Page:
“The fossil fuel, human, and animal emissions were estimated by the author (Appendix C). Most of the other exchanges are derived from exchanges that have been reported in the liter­ature (с/. Boden, Marland, and Andres, 1995) or they are based on assumptions that have generally been used by climatologists. It was assumed that 50% of the terrestrial biomass car­bon fixed by photosynthesis is respired and that an equal amount is emitted by the soil. The total uptake and emission of carbon dioxide by the oceans were assumed to be 104 and 100 Gt C/year (Houghton and Woodwell, 1989), and biomass respiration was assumed to emit 50% of the carbon fixed by photosynthesis. The carbon dioxide emissions from cement pro­duction and other industrial processes are process emissions that exclude energy-related emis­sions; they are included in the fossil fuel consumption figures.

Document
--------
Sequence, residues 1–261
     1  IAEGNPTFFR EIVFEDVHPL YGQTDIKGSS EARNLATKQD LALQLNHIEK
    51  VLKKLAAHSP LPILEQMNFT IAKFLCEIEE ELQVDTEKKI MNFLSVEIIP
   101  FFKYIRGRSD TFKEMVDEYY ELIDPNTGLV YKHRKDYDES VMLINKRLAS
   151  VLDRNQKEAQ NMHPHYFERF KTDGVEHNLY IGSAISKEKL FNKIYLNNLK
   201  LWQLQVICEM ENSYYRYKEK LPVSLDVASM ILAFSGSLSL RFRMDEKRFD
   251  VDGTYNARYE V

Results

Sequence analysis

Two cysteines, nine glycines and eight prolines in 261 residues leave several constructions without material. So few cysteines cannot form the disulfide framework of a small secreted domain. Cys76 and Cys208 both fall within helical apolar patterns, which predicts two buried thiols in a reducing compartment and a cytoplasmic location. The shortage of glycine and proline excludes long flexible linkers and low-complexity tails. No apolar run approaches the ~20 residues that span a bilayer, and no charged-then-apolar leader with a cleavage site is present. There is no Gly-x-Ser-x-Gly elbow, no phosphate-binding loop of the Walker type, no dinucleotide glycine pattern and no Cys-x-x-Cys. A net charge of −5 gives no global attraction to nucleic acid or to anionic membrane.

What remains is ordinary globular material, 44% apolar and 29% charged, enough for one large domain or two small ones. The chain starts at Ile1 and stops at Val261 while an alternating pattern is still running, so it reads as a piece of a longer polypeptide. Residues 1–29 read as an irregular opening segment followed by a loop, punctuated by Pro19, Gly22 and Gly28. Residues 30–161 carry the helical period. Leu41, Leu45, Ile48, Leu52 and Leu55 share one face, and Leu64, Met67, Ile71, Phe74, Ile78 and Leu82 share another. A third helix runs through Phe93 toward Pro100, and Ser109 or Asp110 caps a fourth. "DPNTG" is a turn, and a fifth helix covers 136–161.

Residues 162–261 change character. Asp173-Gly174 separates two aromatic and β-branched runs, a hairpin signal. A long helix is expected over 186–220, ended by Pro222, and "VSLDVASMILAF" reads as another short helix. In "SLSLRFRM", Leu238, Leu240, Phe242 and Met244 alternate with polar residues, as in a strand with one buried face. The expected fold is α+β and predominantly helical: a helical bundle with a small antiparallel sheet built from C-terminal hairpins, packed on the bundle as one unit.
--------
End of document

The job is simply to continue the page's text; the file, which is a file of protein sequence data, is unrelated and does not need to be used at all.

between them. And the impact of the assumptions is very large. The assumption that live biomass respires about 50% per year of the total carbon that is photochemically fixed results in a substantial calculated addition of CO2 to the atmosphere, far more than that from fossil fuel combustion. The other assumption incorporated in most biospheric carbon budgets concerns the annual emission of CO2 from soils by microbial action and the oxidation of dead biomass, namely that the emission of C02 occurs at an annual rate approximately equal to 50% of the gross annual photosynthetic carbon uptake. This assumption has little experimental support. The end result of the use of these assumptions with respect to terrestrial biomass, the soils, and the oceans is that they are almost neutral factors in the scenarios generally published on carbon exchanges with the atmosphere and the buildup of atmospheric C02; that is, about the same amount of C02 is emitted as is taken up each year, as shown in the tabulation. This conclusion can be subject to major error when attempting to quantify carbon exchanges with the atmosphere. The largest reservoir of biomass carbon resides in live forest biomass, as will be shown later, and unless this biomass is removed or killed, it fixes atmospheric C02 with the passage of time during most of its life cycle. Tо sustain the environmen­tal benefits of biomass growth as a sink for the removal of C02 from the atmosphere, it is evident that biomass growth should be sustained and ex­panded. The large-scale use of virgin biomass for energy will not adversely affect these benefits if it is replaced at the same or a greater rate than the rate of consumption.